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the death of Judas, under king Demetrius.* This gallant family were never able to accomplish their object, not so much through defect of valor as through insufficiency of numbers. Thus the Macedonian troops held the city for five and twenty years, until Simon Maccabeus drove them out with the concurrence of the king of Syria. Hence it is evident that the Jews of Jerusalem must have learned the Greek language for the reasons named in our first proposition in the preceding chapter. The first effort of the Greeks would be naturally directed to inculcate their language rather than to enforce their religion upon the people,as this must be the medium of intercourse with them, since they themselves were ignorant of the Chaldee. Such was the state of things at Jerusalem; now look we elsewhere. $ 9. The Samaritans, of their own accord, adopt the Grecian customs, and dedicute the temple on Gerizim to Hellenian Jove.

The Samaritans who dwelt in Shechem, (for of Samaria the Greeks had possession, as already said,) when they saw the Jews tormented for their pertinacious adherence to the rites of Judaism, determined to “sail with the stream,” or as the Greeks phrase it, προς τον εύ πράττοντα τοίχον ρέπει». They therefore despatched ambassadors to Antiochus to say that they were not Jews, but immigrants from Persia and Media, and prepared at once to adopt the Grecian habits and religion. In proof of their readiness to do this they asked permission to dedicate their temple, not yet appropriated to any particular god, to some Greek divinity. In the reply of Antiochus he granted their prayer,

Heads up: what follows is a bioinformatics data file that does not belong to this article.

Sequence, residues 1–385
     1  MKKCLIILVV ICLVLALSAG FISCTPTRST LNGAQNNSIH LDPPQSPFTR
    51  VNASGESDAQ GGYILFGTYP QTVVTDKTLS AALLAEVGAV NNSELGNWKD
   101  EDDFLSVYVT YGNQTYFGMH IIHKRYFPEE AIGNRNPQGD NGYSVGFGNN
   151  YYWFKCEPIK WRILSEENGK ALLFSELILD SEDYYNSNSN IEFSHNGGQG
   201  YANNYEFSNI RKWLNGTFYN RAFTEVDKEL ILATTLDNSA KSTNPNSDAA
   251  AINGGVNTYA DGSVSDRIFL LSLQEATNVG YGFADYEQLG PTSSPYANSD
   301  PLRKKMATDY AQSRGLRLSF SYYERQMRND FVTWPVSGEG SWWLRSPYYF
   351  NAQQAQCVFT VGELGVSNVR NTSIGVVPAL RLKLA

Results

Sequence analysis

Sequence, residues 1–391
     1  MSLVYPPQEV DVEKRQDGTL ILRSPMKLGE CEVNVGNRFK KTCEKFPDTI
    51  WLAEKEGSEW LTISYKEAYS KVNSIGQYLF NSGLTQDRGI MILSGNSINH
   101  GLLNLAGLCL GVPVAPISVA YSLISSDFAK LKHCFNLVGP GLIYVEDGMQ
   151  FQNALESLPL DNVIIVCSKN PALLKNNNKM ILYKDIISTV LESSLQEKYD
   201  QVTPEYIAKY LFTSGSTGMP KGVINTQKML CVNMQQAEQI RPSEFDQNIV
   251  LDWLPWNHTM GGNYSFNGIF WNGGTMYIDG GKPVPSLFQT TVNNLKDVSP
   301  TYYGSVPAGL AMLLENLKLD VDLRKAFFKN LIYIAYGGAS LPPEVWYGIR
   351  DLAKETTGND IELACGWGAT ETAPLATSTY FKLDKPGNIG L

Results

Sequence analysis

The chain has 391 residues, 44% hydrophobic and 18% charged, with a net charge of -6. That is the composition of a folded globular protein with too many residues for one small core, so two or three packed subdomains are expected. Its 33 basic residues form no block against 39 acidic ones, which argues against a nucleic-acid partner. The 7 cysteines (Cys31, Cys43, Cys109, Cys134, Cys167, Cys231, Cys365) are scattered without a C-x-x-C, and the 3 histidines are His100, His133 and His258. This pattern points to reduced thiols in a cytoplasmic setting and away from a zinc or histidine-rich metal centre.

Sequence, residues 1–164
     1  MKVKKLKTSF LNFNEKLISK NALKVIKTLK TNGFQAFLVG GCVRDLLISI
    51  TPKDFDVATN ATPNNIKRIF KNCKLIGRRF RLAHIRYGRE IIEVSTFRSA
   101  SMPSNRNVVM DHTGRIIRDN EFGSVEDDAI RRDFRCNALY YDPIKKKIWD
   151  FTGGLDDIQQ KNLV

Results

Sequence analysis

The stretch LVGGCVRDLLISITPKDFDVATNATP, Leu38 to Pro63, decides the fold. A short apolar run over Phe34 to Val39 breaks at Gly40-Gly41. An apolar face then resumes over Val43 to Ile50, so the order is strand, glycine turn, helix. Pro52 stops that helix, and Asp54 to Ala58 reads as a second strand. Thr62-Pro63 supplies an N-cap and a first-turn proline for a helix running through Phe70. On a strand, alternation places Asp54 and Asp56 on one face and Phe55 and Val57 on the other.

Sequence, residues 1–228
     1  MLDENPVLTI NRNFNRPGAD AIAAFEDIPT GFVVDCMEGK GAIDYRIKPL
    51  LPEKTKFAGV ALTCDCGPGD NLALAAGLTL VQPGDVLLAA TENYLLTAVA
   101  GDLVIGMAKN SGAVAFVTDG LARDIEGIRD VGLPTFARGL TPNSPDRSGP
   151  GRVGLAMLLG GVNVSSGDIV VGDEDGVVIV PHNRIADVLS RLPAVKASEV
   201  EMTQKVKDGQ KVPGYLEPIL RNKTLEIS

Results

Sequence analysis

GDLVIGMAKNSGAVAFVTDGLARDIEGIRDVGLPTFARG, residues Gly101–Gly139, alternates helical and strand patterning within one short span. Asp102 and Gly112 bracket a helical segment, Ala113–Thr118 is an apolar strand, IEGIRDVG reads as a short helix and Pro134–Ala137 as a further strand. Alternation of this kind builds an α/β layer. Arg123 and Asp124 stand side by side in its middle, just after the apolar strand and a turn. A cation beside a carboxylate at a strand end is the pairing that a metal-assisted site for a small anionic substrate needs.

and the Sichemite Samaritans directly adopted Greek institutions and bestowed on the temple the name of the Hellenian Jove (Aids Elanvíov.). In so doing they conformed, according to Josephus,/| entirely to the Greek ritual. While Herodotusą to the same effect testifies that this was the title under which Jupiter was worshipped in Greece. The ancient coins of Syracuse also make mention of this 410EEAAENIOT. In Ægina, too, he was venerated under the same appellation, as Aris

* Lib. 1 Mach cap. 11, v. 20.
+ Ibid. cap. 13, v. 49.
# Ibid. cap. 6, v. 23.

Joseph. lib. 12 Antiq. cap. 5, 95, p. 610.
Herodotus, lib. 9, p. 693, v. 88.

tophanes* shows, and Pindart in the words Tåg Bouòr natégos 'Elavíov. Thus did the Samaritans bow a willing neck to the yoke of Hellenism. § 10. Antiochus on pain of death commands the Jews to con

form to Hellenism and renounce Judaism. The attempt of Antiochus to subvert Judaism and upset all that was national among the people did not rest here. Having heard that there were some who still clung to the sacred institutions of their country, he published a decree enjoining the Jews to forsake their ancestral usages and adopt those of Greece, on pain of death to the contumacious. I To carry this into execution he sent an aged Athenian ( A Invaior), (so the Greek text and Syriac version give it; not Antiochian, as it is in the vulgate,)|| to compel them to abjure the laws of their fathers and embrace the Grecian faith, to defile their temple and consecrate it to soine heathen deity, to prevent the celebration of sacrifice, the Sabbath, and feast days, together with the circumcision of infants, to subject them, in fact, to every kind of infamy, death following disobedience. How much all this must have tended to promote Hellenism in the land, the reader may more easily conjecture than I describe. In the first place the temple was dedicated to Jupiter Olympus (dios Olvumiov nomine insignitum est.). It was further polluted by the luxury and revellings of the Greeks, who even dared to take up their abode in its chambers with their courtezans. Next the Jews, after the total abolition of their religion, were taught to celebrate the king's birth-day every month with heathen sacrifices. As, moreover, Bacchus was a deity held in the highest honor by the Greeks, especially the Syrians, (his image is represented on some of the coins in Vaillant,) the Greek Bacchanalia soon came to be observed. Crowned with ivy the votaries traversed the city and temple, and indulged in drinking and dancing and every excess. I Obedience was thus secured by compulsory means to the ordinance of the king, the Macedo